With that sort of age profile, it's no surprise to find that this is a safe Conservative ward, their majority having grown at every election since the ward was created on current boundaries in 2003.  The Liberal Democrats ran second here at the last election in 2011 but were more than 900 votes behind the second Conservative candidate.  Robin Brown had been county councillor for the division covering the ward (Bognor Regis West and Aldwick) but lost his county seat in 2009 to the Liberal Democrats by just 61 votes; however, the Lib Dem vote is concentrated in Bognor itself and this is a weak part of the division for them.

The ballot paper has four candidates, all of whom fought the last Arun council election in 2011.  The defending Conservative candidate is Bill Smee, husband of the current council chairman Ann Smee.  The Liberal Democrats have selected their county councillor for the ward, Paul Wells.  UKIP, who ran third here ahead of Labour in the 2011 and 2007 elections, will be represented by Janet Taylor, and Labour have re-selected their candidate from the 2011 election here, Richard Dawson.

Parliamentary constituency: Bognor Regis and Littlehampton
West Sussex county council division: Bognor Regis West and Aldwick
ONS Travel to Work Area: Chichester and Bognor Regis

Richard Dawson (Lab)
Bill Smee (C)
Janet Taylor (UKIP)
Paul Wells (LD)

May 2011 result C 1310/1226 LD 320/302 UKIP 283 Lab 264
May 2007 result C 1110/1001 Ind 695 UKIP 293 Lab 168/161
May 2003 result C 890/872 LD 529/524 Lab 154/125


GOSPEL OAK
Camden London Borough Council, North London; caused by the resignation of Labour councillor Sean Birch.

"Here from my eyrie, as the sun went down,
I heard the old North London puff and shunt,
Glad that I did not live in Gospel Oak."
- John Betjeman, "Summoned by Bells"

Gospel Oak is one of those places that could have become seriously fashionable.  When development began here in the mid-nineteenth century the landowners had plans for elegant streets, with Lismore Circus as their focal point, but the railways got there first, with first the North London Railway and then the Midland Railway building lines through the district.  This scared the desired residents away and when the neighbourhood was built it was much more working-class than originally intended.  That prejudice against Gospel Oak compared to neighbouring more middle-class or fashionable areas like Hampstead, Highgate and Camden Town was still in evidence in 1909, when Betjeman's family moved to nearby Highgate, and was to some extent reinforced after the Second World War when Camden council built a series of council estates in the area.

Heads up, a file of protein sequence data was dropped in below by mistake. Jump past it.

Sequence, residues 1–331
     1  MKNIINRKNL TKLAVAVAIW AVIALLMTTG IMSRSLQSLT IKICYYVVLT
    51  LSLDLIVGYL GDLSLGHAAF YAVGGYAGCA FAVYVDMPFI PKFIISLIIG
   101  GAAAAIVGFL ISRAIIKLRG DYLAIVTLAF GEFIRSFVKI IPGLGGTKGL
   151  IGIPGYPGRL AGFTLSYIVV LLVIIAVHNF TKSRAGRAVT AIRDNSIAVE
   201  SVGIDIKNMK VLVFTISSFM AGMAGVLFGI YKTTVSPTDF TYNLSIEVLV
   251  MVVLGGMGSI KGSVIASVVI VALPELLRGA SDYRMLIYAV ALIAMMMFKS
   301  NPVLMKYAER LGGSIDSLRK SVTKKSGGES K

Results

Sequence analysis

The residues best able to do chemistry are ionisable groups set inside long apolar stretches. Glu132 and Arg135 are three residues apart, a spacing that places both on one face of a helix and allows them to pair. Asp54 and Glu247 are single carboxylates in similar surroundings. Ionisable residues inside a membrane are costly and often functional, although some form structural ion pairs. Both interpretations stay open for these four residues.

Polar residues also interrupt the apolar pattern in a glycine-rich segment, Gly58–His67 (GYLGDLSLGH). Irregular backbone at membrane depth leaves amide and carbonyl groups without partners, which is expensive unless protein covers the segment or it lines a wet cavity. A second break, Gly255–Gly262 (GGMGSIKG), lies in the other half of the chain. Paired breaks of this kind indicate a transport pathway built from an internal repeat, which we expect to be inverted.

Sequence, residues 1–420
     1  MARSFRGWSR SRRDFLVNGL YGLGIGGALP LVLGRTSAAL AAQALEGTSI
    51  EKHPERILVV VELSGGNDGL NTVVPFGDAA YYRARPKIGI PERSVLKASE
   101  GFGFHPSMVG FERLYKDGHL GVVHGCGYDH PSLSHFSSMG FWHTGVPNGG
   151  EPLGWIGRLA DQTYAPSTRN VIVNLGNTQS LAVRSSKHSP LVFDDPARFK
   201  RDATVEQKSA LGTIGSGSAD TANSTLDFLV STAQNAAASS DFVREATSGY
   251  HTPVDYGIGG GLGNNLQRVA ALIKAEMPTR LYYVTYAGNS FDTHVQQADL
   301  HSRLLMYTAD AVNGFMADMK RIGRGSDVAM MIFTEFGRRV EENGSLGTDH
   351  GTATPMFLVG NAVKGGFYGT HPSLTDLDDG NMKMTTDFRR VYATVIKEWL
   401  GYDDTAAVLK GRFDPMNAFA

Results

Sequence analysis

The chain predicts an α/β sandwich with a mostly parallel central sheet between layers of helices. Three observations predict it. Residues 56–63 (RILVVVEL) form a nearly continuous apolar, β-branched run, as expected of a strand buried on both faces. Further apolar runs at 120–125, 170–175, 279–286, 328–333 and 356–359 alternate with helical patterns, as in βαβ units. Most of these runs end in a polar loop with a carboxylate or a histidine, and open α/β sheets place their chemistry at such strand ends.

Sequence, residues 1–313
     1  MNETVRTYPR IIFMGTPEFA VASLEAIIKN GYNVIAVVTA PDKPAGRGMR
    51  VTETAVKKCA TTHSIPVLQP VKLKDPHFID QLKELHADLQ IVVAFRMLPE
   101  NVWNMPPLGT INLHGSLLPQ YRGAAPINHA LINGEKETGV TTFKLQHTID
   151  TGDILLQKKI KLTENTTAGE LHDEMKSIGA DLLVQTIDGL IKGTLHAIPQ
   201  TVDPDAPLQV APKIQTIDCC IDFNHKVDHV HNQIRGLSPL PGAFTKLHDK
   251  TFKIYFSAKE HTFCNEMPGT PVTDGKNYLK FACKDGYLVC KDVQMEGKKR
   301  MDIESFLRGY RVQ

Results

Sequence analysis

Today the ward is a rather socially mixed area, whiter and older than the average for London but still with 25% of its population born outside the EU.  Almost 40% of the ward's households are still council rents.  Postally it is split between the NW3 (Hampstead) and NW5 (Kentish Town) postal districts, and it is served by two London Overground stations on the North London line, Hampstead Heath and Gospel Oak (which is also the terminus of the "Goblin" Gospel Oak to Barking line).